The historic malt kilns at the Lemp Brewery have been stabilized after the unfortunate collapse of the western third (spare me your armchair engineering expertise–unless you have an actual B.S. or advanced degree in structural engineering, I don’t care), and as far as I know, the City of St. Louis will not order the demolition of the rest of the building.
The malt kilns were built in two building campaigns: in the 1870s, when there were three, three story kilns built, and then in the late 1880s when the two outer kilns were expanded to six stories and the central kiln was converted into service areas for the flanking ones.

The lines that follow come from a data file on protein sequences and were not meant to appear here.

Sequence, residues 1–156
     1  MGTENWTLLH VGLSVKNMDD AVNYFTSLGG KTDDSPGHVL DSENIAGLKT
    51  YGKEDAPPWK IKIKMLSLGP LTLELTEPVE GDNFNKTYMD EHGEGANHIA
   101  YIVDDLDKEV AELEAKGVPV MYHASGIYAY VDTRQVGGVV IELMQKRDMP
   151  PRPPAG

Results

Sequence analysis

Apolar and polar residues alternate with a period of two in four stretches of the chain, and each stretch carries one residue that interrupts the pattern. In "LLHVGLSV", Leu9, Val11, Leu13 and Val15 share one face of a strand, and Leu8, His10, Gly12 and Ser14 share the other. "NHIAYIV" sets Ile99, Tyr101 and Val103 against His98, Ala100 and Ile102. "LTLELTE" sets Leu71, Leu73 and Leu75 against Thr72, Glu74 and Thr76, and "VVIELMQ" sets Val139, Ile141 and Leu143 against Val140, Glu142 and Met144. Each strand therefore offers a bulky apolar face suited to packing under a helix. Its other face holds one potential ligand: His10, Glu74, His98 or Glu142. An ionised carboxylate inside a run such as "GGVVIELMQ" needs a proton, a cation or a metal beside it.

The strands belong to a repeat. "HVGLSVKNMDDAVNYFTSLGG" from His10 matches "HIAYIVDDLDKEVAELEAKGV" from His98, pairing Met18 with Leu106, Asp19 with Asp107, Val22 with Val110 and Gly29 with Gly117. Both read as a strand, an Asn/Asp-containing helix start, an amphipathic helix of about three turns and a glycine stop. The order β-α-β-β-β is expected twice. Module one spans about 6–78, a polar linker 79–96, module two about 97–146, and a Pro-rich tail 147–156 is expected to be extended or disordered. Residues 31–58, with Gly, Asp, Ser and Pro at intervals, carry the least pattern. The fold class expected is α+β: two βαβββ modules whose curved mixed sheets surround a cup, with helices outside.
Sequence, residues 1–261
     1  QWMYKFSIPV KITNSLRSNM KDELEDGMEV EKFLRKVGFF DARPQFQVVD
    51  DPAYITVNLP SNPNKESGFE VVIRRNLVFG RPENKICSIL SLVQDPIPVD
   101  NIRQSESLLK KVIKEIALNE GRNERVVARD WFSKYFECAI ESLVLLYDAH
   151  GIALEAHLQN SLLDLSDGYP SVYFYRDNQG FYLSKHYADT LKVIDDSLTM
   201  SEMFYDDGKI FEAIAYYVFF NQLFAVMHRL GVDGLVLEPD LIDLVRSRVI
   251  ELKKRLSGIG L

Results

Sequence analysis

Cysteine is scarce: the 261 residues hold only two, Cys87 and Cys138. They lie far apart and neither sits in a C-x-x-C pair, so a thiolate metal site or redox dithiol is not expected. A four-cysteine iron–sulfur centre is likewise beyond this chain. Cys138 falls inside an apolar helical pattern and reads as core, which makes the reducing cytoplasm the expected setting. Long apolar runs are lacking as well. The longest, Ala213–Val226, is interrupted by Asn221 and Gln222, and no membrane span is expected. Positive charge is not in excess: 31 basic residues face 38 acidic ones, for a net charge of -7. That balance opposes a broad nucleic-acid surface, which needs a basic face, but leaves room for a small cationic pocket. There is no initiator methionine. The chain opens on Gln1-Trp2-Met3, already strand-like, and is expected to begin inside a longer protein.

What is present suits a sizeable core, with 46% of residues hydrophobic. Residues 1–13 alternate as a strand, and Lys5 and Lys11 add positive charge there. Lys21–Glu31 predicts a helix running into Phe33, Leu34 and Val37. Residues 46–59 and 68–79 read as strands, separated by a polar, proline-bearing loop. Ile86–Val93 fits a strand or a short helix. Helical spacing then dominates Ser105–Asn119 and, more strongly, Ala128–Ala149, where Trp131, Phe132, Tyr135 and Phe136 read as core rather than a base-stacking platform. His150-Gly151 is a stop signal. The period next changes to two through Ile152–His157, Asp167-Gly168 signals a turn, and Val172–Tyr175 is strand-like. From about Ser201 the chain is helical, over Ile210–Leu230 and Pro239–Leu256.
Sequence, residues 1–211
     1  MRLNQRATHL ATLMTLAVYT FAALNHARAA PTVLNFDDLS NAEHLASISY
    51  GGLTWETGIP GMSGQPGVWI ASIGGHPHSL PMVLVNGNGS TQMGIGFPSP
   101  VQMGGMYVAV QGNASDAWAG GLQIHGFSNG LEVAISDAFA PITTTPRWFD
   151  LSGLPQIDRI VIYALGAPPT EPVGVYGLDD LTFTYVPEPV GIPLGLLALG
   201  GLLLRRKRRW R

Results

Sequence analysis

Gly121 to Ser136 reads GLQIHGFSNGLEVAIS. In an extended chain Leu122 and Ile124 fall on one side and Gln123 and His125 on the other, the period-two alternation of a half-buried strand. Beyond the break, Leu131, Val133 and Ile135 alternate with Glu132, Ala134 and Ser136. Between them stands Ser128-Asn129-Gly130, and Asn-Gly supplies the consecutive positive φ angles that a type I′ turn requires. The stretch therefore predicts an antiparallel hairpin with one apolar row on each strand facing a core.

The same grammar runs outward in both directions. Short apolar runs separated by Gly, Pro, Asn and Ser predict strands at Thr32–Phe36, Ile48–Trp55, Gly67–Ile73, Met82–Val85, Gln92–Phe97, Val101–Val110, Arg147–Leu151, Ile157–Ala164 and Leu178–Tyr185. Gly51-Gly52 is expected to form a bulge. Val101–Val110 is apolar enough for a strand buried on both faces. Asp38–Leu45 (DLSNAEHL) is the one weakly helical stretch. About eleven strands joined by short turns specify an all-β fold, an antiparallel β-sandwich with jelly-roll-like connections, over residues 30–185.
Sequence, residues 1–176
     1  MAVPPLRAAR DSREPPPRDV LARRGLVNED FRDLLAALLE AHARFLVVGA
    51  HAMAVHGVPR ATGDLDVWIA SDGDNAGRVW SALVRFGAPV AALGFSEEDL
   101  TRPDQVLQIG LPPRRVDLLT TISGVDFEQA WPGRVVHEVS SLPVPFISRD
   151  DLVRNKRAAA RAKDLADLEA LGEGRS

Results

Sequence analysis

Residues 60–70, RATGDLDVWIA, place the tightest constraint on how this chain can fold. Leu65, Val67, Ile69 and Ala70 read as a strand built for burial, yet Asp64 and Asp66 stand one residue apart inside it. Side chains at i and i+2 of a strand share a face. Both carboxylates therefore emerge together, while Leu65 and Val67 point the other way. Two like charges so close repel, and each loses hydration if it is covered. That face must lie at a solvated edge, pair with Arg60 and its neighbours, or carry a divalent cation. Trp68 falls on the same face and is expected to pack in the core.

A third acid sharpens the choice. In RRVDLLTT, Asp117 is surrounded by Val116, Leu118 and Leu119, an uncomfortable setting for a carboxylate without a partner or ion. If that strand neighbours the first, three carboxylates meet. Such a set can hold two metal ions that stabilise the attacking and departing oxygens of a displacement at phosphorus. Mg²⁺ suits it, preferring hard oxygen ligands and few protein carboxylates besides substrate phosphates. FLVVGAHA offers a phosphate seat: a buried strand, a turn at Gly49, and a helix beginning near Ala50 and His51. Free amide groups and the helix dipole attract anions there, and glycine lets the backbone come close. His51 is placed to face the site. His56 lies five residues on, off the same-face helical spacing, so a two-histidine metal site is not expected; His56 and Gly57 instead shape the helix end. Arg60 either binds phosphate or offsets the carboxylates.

The lower three stories constitute some of the oldest brewing fabric in the City of St. Louis above ground. The cellars under the brew house are older, from the 1860s, but the brew house replaced in the 1880s.
It must have been quite the sight when they were operational, with giant perforated steel racks on the different floors, where the malt was dried out and giant fires at the base. The steel smokestacks were removed long ago.
I do miss being able to walk along the base of the malt kilns and feel the cold air coming up out of the grates from the lagering cellars down below.